Many engineering problems can be viewed as “sustainability problems”, and thus problem-solving requires knowledge from multiple domains (technical, environmental, economic, and social). Engineering students should be educated about sustainability and be trained to apply sustainability concepts in design in order to produce better products, processes, infrastructure, etc. Students gain knowledge in relevant domains from a variety of undergraduate classes (both engineering and non-engineering), yet they have difficulty connecting knowledge from across classes or domains to fully analyze problems and evaluate sustainability trade-offs. Operating under this premise, the first goal of our research is to help students apply (or supplement) their knowledge relating to sustainable design dimensions (i.e., technical, environmental, economic, social) to complex, engineering problems, such as the ones they encounter during capstone design and will encounter in the real-world. The second goal is to improve assessment of students’ abilities to apply sustainable engineering design concepts across different problems or design challenges. We hypothesize that with guided practice and feedback, engineering undergraduate students will become better at drawing on diverse knowledge domains and integrating it when they are faced with new, complex problems.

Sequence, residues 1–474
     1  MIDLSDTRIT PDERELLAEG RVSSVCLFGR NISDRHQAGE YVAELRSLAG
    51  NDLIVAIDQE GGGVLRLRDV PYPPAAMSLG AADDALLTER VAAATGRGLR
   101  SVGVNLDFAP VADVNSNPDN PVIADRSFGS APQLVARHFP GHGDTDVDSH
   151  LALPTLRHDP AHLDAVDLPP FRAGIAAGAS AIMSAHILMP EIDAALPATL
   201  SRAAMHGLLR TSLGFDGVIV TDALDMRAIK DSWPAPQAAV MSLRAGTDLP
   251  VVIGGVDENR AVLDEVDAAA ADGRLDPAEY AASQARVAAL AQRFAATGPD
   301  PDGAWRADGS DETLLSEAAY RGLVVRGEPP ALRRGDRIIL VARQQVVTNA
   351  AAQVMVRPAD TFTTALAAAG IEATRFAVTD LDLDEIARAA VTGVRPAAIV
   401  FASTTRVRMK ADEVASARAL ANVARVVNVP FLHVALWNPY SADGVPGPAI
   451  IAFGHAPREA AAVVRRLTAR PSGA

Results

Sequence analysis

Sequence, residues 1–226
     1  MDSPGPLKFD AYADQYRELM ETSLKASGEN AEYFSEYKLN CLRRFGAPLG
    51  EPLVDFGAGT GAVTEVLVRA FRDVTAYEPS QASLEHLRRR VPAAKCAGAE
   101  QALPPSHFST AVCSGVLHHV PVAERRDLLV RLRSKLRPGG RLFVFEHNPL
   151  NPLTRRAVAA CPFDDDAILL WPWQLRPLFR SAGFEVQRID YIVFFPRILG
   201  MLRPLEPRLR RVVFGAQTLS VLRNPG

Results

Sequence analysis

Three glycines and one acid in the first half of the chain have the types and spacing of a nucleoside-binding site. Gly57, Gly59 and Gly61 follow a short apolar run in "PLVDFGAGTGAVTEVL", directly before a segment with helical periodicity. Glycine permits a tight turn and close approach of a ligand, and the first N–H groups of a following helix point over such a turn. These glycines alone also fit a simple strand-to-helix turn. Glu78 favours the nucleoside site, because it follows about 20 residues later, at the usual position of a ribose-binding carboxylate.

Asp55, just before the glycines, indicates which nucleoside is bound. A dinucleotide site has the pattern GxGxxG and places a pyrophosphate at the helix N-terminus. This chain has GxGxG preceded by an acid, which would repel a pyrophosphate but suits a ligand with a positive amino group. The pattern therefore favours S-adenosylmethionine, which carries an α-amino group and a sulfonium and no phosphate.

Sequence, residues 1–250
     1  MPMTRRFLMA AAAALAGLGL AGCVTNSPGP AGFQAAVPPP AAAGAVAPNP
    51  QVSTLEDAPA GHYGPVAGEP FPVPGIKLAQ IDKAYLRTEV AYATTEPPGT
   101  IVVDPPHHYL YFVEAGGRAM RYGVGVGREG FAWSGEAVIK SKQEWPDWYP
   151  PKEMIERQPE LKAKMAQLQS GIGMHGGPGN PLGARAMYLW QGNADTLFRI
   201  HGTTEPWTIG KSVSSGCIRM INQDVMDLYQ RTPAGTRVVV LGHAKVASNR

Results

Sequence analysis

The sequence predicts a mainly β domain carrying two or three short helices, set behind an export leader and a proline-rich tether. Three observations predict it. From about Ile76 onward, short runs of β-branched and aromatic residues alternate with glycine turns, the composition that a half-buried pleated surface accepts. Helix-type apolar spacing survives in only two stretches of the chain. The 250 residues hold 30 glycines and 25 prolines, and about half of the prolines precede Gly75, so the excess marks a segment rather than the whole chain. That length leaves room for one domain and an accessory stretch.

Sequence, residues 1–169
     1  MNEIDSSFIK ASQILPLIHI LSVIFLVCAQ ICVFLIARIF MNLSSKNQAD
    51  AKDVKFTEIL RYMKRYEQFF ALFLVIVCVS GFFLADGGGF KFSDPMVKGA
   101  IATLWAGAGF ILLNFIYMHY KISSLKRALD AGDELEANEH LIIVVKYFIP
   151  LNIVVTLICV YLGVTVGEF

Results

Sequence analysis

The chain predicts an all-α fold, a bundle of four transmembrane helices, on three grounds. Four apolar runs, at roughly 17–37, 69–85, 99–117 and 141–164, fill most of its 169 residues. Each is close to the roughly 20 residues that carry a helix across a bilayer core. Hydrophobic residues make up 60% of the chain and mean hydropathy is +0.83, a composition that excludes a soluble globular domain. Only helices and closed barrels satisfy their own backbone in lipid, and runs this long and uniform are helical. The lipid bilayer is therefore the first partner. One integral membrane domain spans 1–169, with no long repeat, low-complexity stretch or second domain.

Cognitive flexibility theory (CFT) and adaptive expertise provide constructs for assessing students’ knowledge transfer and connection building that is needed to adequately address sustainability problems. The primary objective of this work is to use CFT and adaptive expertise criteria to guide both learning and assessment of sustainable design. Our paper will present progress and preliminary findings in two areas: (1) Identifying appropriate measures of knowledge transfer/cognitive flexibility/adaptive expertise that apply to engineering design tasks and (2) Developing and adapting instructional materials and assessments to measure and help students improve ability to transfer knowledge to/across sustainable design problems. Specifically, we will describe our efforts to refine measures of cognitive flexibility and adaptive expertise by measuring improved cognitive functions (e.g., study of flexibility/performance using an electroencephalogram or EEG), an approach which is underdeveloped in engineering education research, particularly for complex problem-solving like sustainable design. We will also present progress on new or adapted assessment tools that focus on direct measures of student domain knowledge in different contexts (e.g., automated scoring of concept maps) and correct application of knowledge (e.g., cross-disciplinary sustainable design rubrics). We are focusing on practical assessment tools that are transferable to other institutions and across engineering departments, and also grounded in evidence (e.g., characterizing brain waves measured with an EEG to triangulate with measurements from learning assessments).
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